What is a chimney repair?

We get all kinds of requests for chimney repairs. Almost every time our customers think they know what they need. A “Chimney Repair, a tuck-point repair, a repointing repair, a pointing repair, a crown repair, a crown wash, a new crown, new masonry counter flashing repair.”

What is a chimney repair?

I believe most get these terms when they buy their home. A home inspector (if they are a good one) will get on the roof and check out the masonry chimney structure. They are looking for cracks. Cracks in the crown, cracks in the mortar between the bricks, gaps in the flashing that waterproofs the chimney to roof penetration. Oftentimes these cracks are just the tip of the iceberg. Then the home inspector will say things in the report like. “This chimney crown needs pointing repairs to the cracks in the crown and in the mortar.

What is a chimney repair? What is pointing? How do I define it?

A chimney repair can be a multitude of these things. It can be any form of repair, but the defining terms that create confusion is when cracks are repaired by the tuck-point method or the rebuild method.

I am going to help everyone get a clearer understanding of what those two things are and how they are different.

So, what is tuckpointing and how does Portland Fireplace & Chimney determine if a chimney can be tuck-pointed?

Tuckpointing includes grinding out mortar joints between bricks or stones that have surface fragmentation and imperfections. A mortar joint is 4 inches thick of a bond between the bricks or stones.

When we do tuckpointing repairs, we use high-powered grinders with diamond blades to cut out cracked and fragmented mortar. We have a special vacuum and grinder attachment we use during the grinding that keeps the dust from polluting the neighborhood. The last thing that you want is to send a cloud of dust onto the neighboring property or car. We also use special pneumatic chisels that gently remove the mortar between stones.

Tuckpointing repairs the mortar joint 1″- 1 1/2″ in depth from the face of the brick or stone, to remove all the loose, cracking, fragmented mortar at the surface. Then we are inspecting the condition of the mortar remaining in the structure after the surface layer has been ground out to the depth of 1 ½ inches.

The mortar remaining on the interior needs to be solid and structurally sound, this is crucial for tuck-point repairs to work well. The new mortar we mix up and squeeze into the joints between the bricks needs to be able to properly bond to an existing structurally sound mortar surface within the joint. If the mortar has water damage decay and rot past 1 ½ inches, then the chimney should not be tucked-pointed. This is because if you attempt to tuckpoint it, the new mortar will not bond to the existing unsound, water damaged mortar left inside the middle core of the mortar joint. What ends up happening is after a year or two the mortar joints that were just re-pointed into the chimney crack again, and start to fall out of the chimney onto the roof. This is a high percentage of our customers. They call and say we need you to fix our chimney correctly, the last company didn’t do a good job and the mortar color doesn’t even match and now it’s falling out again. Chemistry in mortar mix MATTERS! Now they are forced to address chimney repairs again. Because the previous tuck point repairs did not properly bond.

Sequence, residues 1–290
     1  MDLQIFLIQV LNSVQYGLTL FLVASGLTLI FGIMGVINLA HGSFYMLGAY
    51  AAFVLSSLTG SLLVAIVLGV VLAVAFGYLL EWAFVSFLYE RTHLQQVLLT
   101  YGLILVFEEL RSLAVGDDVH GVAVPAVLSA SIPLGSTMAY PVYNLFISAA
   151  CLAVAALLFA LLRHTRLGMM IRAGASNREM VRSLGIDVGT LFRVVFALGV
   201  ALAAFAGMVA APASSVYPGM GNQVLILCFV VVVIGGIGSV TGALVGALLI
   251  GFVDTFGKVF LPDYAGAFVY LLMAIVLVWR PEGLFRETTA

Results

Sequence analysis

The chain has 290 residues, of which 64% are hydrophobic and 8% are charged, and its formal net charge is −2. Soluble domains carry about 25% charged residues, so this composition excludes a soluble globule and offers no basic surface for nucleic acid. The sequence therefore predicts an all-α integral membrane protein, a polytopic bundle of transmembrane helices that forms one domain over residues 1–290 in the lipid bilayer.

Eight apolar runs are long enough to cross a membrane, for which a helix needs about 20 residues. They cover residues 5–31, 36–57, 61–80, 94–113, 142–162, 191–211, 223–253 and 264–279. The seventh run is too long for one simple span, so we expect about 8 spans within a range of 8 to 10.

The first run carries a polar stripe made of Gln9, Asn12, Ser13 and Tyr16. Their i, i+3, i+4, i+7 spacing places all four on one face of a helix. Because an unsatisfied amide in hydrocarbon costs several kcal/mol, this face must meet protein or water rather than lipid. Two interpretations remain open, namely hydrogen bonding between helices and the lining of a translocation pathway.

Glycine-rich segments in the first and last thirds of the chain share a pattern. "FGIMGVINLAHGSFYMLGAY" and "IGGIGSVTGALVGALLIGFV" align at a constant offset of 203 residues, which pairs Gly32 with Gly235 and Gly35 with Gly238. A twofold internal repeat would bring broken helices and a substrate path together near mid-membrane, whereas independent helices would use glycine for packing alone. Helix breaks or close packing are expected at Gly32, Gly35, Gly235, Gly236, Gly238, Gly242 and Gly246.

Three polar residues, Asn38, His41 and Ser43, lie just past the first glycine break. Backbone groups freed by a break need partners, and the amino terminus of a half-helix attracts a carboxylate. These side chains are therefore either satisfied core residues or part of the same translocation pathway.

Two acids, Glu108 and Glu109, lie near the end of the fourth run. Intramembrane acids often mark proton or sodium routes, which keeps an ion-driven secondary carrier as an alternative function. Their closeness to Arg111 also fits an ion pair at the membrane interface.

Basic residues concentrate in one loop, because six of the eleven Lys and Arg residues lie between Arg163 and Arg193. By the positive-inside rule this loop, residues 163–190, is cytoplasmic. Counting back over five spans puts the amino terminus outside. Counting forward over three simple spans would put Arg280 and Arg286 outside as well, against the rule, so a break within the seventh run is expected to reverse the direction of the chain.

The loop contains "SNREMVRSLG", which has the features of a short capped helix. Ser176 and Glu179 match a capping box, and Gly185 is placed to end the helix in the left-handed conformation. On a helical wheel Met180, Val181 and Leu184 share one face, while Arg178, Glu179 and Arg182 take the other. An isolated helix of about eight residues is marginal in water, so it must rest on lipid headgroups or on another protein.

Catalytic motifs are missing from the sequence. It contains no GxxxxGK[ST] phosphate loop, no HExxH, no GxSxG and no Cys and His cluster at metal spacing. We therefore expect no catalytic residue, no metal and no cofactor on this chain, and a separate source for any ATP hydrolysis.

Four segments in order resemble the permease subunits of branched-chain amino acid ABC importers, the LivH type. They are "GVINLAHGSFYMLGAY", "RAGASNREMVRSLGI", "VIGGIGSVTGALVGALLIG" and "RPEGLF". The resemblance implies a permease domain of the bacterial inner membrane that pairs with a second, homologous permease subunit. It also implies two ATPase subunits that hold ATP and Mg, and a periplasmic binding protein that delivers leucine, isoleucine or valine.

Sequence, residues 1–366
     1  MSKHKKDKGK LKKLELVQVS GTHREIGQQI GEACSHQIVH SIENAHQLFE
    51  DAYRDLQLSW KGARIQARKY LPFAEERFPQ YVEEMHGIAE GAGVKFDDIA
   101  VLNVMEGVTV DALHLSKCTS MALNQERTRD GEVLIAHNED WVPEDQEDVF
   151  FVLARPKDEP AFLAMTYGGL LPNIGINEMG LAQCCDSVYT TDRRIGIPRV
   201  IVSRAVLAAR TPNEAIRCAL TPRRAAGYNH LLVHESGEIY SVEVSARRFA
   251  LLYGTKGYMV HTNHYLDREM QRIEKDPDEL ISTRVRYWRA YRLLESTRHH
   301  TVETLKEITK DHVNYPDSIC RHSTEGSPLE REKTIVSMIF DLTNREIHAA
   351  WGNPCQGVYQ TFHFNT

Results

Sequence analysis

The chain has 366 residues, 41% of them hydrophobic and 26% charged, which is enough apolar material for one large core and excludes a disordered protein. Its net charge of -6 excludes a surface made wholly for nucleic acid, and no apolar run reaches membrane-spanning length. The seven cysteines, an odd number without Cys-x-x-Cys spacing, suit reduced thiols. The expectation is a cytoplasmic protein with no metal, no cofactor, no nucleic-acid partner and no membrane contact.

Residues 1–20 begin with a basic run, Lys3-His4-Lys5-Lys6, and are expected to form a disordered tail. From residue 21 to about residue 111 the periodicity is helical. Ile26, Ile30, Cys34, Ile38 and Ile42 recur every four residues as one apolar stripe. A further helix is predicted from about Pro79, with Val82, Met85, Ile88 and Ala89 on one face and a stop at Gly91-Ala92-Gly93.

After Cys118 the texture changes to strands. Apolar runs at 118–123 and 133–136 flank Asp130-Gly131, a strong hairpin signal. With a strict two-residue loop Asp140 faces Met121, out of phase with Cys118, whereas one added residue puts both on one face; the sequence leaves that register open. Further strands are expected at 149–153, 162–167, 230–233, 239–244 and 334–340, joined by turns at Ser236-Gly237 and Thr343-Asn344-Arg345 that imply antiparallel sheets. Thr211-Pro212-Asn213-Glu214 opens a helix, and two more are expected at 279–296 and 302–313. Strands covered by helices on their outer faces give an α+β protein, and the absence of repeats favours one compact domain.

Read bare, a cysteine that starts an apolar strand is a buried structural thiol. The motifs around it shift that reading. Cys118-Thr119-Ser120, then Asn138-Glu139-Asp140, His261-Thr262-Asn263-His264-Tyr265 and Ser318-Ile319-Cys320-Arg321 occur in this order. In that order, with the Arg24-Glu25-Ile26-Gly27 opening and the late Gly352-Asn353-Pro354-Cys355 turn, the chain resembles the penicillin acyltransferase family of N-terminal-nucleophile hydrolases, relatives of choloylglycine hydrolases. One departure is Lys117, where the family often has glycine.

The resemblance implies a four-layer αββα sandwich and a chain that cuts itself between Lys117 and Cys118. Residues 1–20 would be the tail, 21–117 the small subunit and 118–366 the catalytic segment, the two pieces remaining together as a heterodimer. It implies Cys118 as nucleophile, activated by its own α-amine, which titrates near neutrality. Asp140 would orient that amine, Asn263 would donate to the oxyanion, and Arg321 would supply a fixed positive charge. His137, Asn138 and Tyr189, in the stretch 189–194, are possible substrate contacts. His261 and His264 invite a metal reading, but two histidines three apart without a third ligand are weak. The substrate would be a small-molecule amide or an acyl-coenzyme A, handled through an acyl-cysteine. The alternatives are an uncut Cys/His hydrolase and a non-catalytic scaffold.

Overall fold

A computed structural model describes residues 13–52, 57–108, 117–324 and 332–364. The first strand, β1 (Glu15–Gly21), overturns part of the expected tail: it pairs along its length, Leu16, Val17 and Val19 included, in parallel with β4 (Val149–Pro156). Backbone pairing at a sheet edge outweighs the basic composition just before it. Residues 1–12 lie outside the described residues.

This also causes the brick faces to crack and spall apart when they use the wrong mortar mix that is too rich with Portland Cement.

Walk around your neighborhood and take a look at all the chimneys around. Then imagine if we had an earthquake. You will notice that many chimneys are leaning to the south. There are a lot of leaning chimneys out there and it’s due to poor tuck point repairs.

The winter sun warms up the south face of the chimney and causes it to expand, then the ice storms come and fill up the open areas with water. The sun goes down and temperatures drop below freezing turning all that water trapped in the masonry to ice. The ice expands the mortar again. This happens over and over and over. And the chimney starts to lean. This is when we see bricks actually fall off the tops of houses. Then God sends a high wind storm and blows off chimney caps taking loose bricks and mortar with it.